Red Sox Weekend features inspiring story of David Mellor

Written by: Janey Murray

When he was 18 years old, David Mellor’s dream was to be a Major League Baseball player.

Mellor has now been a part of four Boston Red Sox World Series titles while working at Fenway Park since 2001. But rather than making it to the big leagues as a player, Mellor has done it all as the Red Sox’ senior director of grounds.

In 1981, Mellor was an 18-year-old pitcher who had just finished high school and was preparing to go to college. But when he was struck by a car in a McDonald’s parking lot, he had to change his plans.

“I thought not only was my leg crushed,” Mellor said. “I thought my dreams were crushed.”

With some encouragement from his mother and two brothers, he decided to spend his recovery time finding a way to channel his passions into a new career path.

“I enjoyed being outside,” Mellor said. “I grew up taking care of peoples’ lawns to earn money. I enjoyed science in school, and I loved baseball. I put all those together, and I thought someone had to be a major league groundskeeper.”

His career began with the Milwaukee Brewers, and he spent time working for the Los Angeles Angels, San Francisco Giants and Green Bay Packers before joining the Red Sox in 2001.

While working for the Brewers in 1995, Mellor was hit by a car a second time. As a result of the two accidents, he has suffered from Post-Traumatic Stress Disorder (PTSD) for decades.

However, it wasn’t until September 2010 that he was finally diagnosed and could put a name to his symptoms.

“I thought it was a sign of weakness if I showed emotion,” Mellor said. “Now, I know it’s not a sign of weakness to ask for help. It’s a sign of strength.”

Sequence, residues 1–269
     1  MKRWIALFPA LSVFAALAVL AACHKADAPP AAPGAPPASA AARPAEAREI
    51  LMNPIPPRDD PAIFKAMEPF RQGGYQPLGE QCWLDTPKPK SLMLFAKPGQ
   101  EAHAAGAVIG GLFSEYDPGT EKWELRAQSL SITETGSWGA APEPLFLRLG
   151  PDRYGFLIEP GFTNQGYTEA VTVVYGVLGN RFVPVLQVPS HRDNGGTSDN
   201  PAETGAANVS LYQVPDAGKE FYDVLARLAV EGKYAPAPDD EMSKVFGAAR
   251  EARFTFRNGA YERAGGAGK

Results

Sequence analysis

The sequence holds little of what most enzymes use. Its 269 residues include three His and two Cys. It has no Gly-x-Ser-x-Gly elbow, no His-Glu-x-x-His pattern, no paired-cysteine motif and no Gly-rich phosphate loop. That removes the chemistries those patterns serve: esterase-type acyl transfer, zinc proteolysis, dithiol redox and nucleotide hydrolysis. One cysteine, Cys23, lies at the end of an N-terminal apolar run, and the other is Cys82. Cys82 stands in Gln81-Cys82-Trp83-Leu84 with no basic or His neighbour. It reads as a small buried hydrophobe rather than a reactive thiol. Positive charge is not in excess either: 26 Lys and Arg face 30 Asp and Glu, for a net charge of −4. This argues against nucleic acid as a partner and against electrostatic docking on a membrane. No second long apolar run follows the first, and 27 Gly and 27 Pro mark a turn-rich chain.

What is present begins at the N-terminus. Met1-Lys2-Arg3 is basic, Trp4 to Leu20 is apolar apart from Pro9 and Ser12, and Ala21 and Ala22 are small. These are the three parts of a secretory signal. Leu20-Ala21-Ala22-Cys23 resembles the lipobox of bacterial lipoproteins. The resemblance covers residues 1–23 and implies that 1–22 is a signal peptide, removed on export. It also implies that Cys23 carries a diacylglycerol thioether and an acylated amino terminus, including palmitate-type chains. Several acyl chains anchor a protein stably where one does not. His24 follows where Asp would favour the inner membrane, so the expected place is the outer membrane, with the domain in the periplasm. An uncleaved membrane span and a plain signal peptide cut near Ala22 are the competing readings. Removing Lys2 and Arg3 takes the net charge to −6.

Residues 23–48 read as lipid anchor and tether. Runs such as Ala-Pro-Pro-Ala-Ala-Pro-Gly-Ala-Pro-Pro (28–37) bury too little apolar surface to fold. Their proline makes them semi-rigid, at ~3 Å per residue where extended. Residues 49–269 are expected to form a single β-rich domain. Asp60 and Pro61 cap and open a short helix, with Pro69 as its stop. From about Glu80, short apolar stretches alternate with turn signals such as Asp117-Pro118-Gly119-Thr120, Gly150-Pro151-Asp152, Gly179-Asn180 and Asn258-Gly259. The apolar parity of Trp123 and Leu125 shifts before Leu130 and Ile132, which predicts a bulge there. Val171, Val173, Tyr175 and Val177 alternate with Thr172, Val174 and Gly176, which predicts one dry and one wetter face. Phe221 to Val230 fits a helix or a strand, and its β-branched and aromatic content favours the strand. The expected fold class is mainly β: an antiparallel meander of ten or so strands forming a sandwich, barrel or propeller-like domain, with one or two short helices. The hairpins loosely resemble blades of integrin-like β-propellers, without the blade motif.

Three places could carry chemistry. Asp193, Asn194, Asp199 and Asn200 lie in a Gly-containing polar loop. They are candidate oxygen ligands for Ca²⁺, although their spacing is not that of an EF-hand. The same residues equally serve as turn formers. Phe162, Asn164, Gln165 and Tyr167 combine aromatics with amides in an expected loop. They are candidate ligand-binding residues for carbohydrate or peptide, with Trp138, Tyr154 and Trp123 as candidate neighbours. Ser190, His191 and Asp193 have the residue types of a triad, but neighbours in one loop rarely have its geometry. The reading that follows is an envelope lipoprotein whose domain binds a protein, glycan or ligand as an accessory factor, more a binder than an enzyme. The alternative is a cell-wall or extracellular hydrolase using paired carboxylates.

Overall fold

After his diagnosis, Mellor found that an important part of his counseling was writing his feelings down to desensitize his emotions about the traumas he had experienced. That writing began the manuscript for his book, One Base at a Time: How I Survived PTSD and Found My Field of Dreams, which recounts his struggles with PTSD, his perseverance in overcoming his debilitating symptoms and his experiences working as an MLB groundskeeper for 35 years.

“If it helps one person, it’s worth sharing your journey,” Mellor said. “We want to let people know that it’s not a sign of weakness to ask for help, that you’re not alone and help is available, and that treatment works, and to not give up when facing these challenges.”

Mellor will continue to promote the message of his new book through a discussion and signing during Red Sox World Series Weekend July 6-7 at the Hall of Fame in Cooperstown.

Mellor’s appearance as part of the Museum’s Author Series program will be held at 1 p.m. on Saturday, July 6, in the Hall of Fame’s Bullpen Theater.

Red Sox Weekend also features a chance to see the 2018 World Series trophy at the Museum from 9 a.m. to 5 p.m. on Saturday and 9 a.m. to 3 p.m. on Sunday.

Mellor grew up a Red Sox fanatic, so being a caretaker of Fenway Park and getting to see the Red Sox win four World Series championships, including their most recent title in 2018, has been a dream come true.

“I think of the childhood memories of playing wiffle ball, and emulating Luis Tiant, Jim Rice, Dwight Evans, Fred Lynn,” Mellor said. “Being able to walk on that field every day, I literally get goosebumps every day that I walk out there.”

Since May 2014, Mellor has had a companion to join him every time he comes to work at Fenway Park. His service dog, Drago, accompanies him 24 hours a day, interrupting any triggers of anxiety he senses and helping with Mellor’s mobility.

“In the book, we also want to bring awareness to how incredible and life changing service dogs are,” Mellor said. “Drago is trained in task to help me with PTSD as well as mobility, so he gives me incredible confidence and courage to take on every day challenges.”

The title of the book, “One Base at a Time,” is also a philosophy Mellor strives to live by. Rather than allowing challenges to overwhelm him, he takes them one step at a time, setting short- and long-term goals to help overcome obstacles.

“If I would have given up when I was first hit by the car, there’s so many incredible experiences I never would have had,” Mellor said. “We just want to inspire people to celebrate every day, because you never know when that next challenge will happen.”

Janey Murray is the 2019 public relations intern in the Hall of Fame’s Frank and Peggy Steele Internship Program for Youth Leadership Development

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